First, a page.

Shrimp on the barbie
"Shrimp on the barbie" is an often-quoted phrase that originated in a series of television advertisements by the Australian Tourism Commission starring Paul Hogan from 1984 through to 1990. The actual quote spoken by Hogan is "I'll slip an extra shrimp on the barbie for you", and the actual slogan of the ad was "Come and say G'day". It has since been used, along with some variations, to make reference to Australia in popular culture.
The advertisement pre-dated Hogan's popularity in the 1986 film Crocodile Dundee and thus were not initially seen as celebrity advertisements in the US, as he was relatively unknown in the United States (though well known in the UK through his long-running television comedy show), although the film somewhat increased the commercial's popularity.
The advertisements were developed by the Australian agency Mojo in conjunction with American agency N.W. Ayer. The campaign was launched during the National Football Conference Championship Game in January 1984. Before the campaign, Australia was approximately number 78 on the "most desired" vacation destination list for Americans, but became number 7 three months after the launch, and soon became number 1 or 2 on Americans' "dream vacation" list, remaining in that position for most of the next two decades.
"Barbie" is Australian slang for barbecue and the phrase "slip a shrimp on the barbie", for Americans, often evokes images of a fun social gathering under the sun. Australians, however, invariably use the word prawn rather than shrimp. Because the commercial was commissioned for broadcast in the United States, the change was made to limit audience confusion. The commercial was so influential that three decades later, USC Trojans football player Chris Tilbey, an Australian, reported that he was quoted the "shrimp on the barbie" line "Every day. Every day".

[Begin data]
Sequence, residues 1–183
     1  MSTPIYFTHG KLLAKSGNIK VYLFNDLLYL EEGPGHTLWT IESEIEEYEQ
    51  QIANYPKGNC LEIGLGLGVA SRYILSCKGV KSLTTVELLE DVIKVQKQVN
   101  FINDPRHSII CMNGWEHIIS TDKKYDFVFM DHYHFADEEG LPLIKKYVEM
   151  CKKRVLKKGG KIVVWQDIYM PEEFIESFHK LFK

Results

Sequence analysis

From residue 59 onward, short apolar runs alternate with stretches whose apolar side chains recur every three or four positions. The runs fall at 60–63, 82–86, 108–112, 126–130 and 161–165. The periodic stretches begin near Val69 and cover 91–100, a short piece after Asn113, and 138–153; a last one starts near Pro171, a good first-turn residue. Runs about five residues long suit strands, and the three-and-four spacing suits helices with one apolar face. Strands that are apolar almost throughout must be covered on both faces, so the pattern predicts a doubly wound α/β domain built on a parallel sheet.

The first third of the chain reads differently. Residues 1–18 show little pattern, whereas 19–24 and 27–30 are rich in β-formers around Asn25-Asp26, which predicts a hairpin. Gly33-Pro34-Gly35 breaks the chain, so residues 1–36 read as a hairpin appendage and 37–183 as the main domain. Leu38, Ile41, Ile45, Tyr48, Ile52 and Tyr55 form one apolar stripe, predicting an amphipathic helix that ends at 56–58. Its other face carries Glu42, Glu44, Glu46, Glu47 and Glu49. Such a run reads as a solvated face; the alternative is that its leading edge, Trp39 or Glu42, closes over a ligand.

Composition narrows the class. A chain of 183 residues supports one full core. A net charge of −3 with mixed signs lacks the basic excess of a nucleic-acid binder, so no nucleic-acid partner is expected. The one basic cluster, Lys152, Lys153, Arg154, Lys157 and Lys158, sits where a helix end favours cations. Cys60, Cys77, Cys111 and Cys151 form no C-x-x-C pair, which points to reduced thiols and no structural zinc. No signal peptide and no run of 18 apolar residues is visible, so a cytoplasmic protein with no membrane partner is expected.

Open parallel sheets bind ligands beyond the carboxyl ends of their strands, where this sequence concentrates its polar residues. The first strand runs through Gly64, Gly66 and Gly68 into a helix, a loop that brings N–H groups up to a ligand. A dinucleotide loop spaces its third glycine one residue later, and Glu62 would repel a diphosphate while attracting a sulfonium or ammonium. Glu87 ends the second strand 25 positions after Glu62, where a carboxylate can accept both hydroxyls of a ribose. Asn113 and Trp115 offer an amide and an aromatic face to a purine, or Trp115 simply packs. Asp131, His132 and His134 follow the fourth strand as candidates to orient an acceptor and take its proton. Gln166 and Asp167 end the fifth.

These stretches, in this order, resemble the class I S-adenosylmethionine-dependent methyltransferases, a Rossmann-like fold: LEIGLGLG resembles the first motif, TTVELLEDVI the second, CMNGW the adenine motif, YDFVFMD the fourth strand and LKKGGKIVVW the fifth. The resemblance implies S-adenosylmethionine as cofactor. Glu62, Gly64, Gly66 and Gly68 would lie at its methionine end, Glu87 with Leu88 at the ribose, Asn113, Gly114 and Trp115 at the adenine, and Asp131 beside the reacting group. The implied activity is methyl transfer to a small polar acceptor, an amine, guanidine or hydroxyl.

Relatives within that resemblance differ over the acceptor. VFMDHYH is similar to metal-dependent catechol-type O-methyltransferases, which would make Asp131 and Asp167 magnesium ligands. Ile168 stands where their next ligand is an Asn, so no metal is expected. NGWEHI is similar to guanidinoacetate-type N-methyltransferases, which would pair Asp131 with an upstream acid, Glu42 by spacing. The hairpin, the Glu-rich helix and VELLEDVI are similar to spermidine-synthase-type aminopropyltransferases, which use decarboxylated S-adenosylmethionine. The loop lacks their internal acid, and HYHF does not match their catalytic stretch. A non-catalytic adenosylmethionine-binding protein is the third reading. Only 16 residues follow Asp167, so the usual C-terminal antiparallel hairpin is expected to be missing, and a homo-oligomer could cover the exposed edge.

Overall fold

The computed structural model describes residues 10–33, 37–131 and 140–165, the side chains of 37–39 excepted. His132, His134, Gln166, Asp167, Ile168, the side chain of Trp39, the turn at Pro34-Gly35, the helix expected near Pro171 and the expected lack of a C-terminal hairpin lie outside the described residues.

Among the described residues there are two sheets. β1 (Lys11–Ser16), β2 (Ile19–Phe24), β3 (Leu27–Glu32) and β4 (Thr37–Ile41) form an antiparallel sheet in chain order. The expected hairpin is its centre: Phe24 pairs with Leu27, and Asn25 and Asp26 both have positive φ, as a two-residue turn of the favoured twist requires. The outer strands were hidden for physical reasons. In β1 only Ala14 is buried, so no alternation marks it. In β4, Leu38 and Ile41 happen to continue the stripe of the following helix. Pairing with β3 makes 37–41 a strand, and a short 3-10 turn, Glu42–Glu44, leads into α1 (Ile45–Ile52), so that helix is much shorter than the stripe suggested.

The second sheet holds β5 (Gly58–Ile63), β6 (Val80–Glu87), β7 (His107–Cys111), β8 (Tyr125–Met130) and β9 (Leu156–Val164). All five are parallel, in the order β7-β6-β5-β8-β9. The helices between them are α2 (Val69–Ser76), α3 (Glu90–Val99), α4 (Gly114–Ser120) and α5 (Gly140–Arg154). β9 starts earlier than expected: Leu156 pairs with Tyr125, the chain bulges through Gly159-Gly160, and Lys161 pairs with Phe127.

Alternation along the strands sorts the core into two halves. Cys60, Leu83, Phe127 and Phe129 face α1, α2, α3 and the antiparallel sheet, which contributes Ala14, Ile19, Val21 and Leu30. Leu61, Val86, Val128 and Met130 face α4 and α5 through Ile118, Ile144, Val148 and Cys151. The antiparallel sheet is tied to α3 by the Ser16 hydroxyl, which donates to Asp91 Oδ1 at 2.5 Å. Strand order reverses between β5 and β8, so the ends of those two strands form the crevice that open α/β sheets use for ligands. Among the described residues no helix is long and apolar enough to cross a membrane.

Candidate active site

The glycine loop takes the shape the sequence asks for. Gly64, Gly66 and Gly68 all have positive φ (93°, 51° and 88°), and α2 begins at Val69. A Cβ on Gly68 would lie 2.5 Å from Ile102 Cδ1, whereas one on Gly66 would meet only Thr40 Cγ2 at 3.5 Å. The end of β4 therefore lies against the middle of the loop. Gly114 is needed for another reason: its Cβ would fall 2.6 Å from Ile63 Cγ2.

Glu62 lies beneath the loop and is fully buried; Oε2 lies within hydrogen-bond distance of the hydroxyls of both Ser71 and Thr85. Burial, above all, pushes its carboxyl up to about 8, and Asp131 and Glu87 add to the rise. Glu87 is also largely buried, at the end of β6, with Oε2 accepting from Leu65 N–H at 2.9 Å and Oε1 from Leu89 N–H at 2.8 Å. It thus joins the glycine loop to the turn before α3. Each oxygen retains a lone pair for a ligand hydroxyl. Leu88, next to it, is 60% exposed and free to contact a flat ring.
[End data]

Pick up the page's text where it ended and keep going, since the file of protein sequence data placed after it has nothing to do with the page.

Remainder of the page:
The term was used in the opening sequence of the 1994 cult comedy Dumb and Dumber, when protagonist Lloyd Christmas (portrayed by Jim Carrey) tries to hit on an Austrian woman, mistaking her for an Australian: "Let's put another shrimp on the barbie". She then turns him down, saying "Let's not".
Prawns are a popular traditional Christmas seafood in Australia. However, crustaceans such as shrimp and prawns are less common, on average, in the Australian cuisine than in the United States. In the late 1980s, annual per capita consumption of shrimp stood at 1.3 kg in the United States, second only to Japan.
A sample of Paul Hogan's "shrimp on the barbie" Australian tourism advertising campaign.
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- Baker, Bill; Peggy Bendel. "Come and Say G'Day!". Travel Marketing Decisions. The Association of Travel Marketing Executives (Summer 2005). Archived from the original on 2007-11-04. Retrieved 2007-12-21.
- Benjamin Christie. "Shrimp on the Barbie". Retrieved 2010-01-15.
- USC Football - Kiwi Crasher. YouTube. 2017-06-01.
- "One week of the year when prawns are king". The Australian. 22 December 2008.
- "Raw prawn? You may have to shell out more". The Australian. 24 December 2011.
- "World Shrimp Market Situation and Outlook". FAO.